Fiction may deal with acknowledged reality (things we all know to be occurring here and now), with acknowledged unreality (things of a kind which we all agree are not occurring here and now but which might occur in the future or in other parts of the universe, e.g. regularly scheduled and public interstellar trade and travel), or with disputed reality (things such as are said to be occurring here and now by those who believe that gods, devils, extraterrestrials, and/or time travelers move among us). In putting extraterrestrials and time travelers with gods and devils, we are merely recognizing the fact that over the last two centuries a new mythology has arisen from science, pseudoscience, and science fiction--a mythology that makes possible belief/disbelief in material beings as powerful as the supernatural beings of the older mythology.

All fictions deal to a large degree with acknowledged reality. I would apply the term mytho-logical fantasy to those that deal also with disputed reality, and the term science fiction to those that deal also with acknowledged unreality (recognizing that the two can be blended, as in Heinlein's Stranger in a Strange Land or Lewis's Perelandra). Since the terms realistic and naturalistic have long been applied to make distinctions among those fictions that deal only with acknowledged reality, I would prefer not to use either for distinguishing such fictions from SF and fantasy, and would suggest instead a term that has sonic currency in SF fandom: mundane fiction. --R.D. Mullen

Chatty Memoirs

Brian W. Aldiss and Harry Harrison, eds. Hell's Cartographers: Some Personal Histories of Science Fiction Writers. Harper and Row, 1976, vi+246, $7.95. (Also UK: Weidenfeld and Nicolson, 1975, same pagination, £3.50.)

I want very much to set down my thoughts and my experiences of life. I want to do so now that I have come to middle age and now that my attitudes are all defined and my personal drama worked out. I feel that the toil of writing and reconsideration may help to clear and fix many things that remain a little uncertain in my thoughts because they have never been fully stated, and I want to discover any lurking inconsistencies and unsuspected gaps.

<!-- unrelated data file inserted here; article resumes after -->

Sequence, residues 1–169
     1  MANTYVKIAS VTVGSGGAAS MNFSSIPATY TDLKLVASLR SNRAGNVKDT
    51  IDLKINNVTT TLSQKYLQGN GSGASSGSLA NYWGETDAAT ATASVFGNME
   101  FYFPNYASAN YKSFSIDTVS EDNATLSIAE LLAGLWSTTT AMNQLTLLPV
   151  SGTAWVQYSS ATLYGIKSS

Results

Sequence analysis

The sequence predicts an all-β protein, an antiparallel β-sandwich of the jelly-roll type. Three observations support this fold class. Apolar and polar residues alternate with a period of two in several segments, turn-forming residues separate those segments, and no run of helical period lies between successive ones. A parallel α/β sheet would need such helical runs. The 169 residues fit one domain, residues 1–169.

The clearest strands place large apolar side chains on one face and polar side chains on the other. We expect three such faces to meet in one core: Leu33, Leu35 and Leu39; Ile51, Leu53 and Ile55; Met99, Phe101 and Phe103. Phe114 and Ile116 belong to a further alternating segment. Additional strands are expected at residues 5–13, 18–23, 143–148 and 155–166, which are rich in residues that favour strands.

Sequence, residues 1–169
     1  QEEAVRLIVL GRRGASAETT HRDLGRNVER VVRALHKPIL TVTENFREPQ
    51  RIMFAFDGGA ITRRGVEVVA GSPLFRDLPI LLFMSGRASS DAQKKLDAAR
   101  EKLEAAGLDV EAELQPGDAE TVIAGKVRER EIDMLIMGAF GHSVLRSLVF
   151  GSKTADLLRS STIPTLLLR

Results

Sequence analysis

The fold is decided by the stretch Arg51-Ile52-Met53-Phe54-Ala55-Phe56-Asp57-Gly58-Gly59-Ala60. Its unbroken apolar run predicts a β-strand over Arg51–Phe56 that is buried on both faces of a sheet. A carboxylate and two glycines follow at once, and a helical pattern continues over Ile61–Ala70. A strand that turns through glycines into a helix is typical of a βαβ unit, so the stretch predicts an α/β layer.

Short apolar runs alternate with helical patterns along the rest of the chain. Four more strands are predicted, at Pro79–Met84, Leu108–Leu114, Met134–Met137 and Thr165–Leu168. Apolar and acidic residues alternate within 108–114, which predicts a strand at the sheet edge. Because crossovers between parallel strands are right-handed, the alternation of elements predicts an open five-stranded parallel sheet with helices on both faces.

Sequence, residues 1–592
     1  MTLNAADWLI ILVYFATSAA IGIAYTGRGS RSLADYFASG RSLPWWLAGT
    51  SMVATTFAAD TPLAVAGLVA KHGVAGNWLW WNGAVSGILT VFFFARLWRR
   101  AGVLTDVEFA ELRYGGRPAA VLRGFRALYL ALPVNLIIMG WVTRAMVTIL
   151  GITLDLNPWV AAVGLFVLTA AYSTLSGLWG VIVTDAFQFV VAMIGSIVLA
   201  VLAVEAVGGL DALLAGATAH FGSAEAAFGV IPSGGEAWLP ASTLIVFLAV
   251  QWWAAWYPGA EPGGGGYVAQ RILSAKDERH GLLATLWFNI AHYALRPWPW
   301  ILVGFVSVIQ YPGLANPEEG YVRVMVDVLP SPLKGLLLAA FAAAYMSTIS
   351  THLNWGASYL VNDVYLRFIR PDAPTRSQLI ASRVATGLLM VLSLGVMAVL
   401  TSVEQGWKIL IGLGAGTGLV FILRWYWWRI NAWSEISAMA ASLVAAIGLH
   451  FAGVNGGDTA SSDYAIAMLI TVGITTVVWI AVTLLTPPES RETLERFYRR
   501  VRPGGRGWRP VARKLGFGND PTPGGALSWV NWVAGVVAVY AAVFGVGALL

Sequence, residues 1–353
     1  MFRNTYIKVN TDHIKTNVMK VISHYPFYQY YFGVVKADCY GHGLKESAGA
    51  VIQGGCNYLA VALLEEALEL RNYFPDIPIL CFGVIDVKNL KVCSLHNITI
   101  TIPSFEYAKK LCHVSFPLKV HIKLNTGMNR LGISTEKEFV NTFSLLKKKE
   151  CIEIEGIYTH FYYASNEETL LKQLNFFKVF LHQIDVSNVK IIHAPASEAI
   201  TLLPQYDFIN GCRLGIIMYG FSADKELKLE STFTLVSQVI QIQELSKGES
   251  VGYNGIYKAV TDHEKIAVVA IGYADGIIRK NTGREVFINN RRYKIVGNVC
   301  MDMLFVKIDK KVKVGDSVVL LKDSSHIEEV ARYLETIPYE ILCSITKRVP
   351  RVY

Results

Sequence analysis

So begins The Passionate Friends (1913), and so--or in much the same way--begins one or two of the other novels that Wells wrote in the first person, as well as Experiment in Autobiography, all in recognition of the classic motive for autobiography: not just to tell, but to learn, about oneself. Of the six contributors to this volume, only the first, Robert Silverberg, seems to have this motive in even a small degree:

At last to speak of one's self. An odd temptation, which mostly I have resisted, in the past, maintaining that I'm not ready to undertake a summing up, or that I'm in the midst of some intricate new transition still not fully understood, or that I'm bored with myself and talking about myself. Yet I have granted all sorts of interviews, and spoken quite explicitly, all the while protesting my love of privacy; the one thing I've never attempted is explicit written autobiography. I manage to hold all poses at once, esthete and man of commerce, puritan and libertine: probably the truth is that I have no consistent position at all. We'll see. [pp 7-8]

But the promise of the last sentence is not kept: Silverberg tells us what he already knew about himself before taking up the task, not what he learned (if anything) during the process, for otherwise the self-pity would not have risen to the surface as often as it does in these pages, and neither he nor we would have been as surprised as we were to learn that he was indeed "in the midst of" or on the verge of the "intricate new transition" recounted in "Postscript, 1975," to this piece (Algol, Winter 1976, pp 17-18). For his decision to abandon SF for a "period of rest and rehabilitation as a screenwriter" in Hollywood follows logically from his managing "to hold all poses at once," i.e. from his determination to reap all the reputed rewards of writing well--big money, fannish adulation, serious critical regard--however contradictory these might be.

The title of this review comes from the last of the six essays. When Aldiss began writing fiction his "intention was partly to write social novels":

John Osborne's play, Look Back in Anger, and Kingsley Amis's novel, Lucky Jim, embodied for me then much of the experience of my generation.... Laughter is very persuasive.

But there was a bigger persuader: the atomic bomb....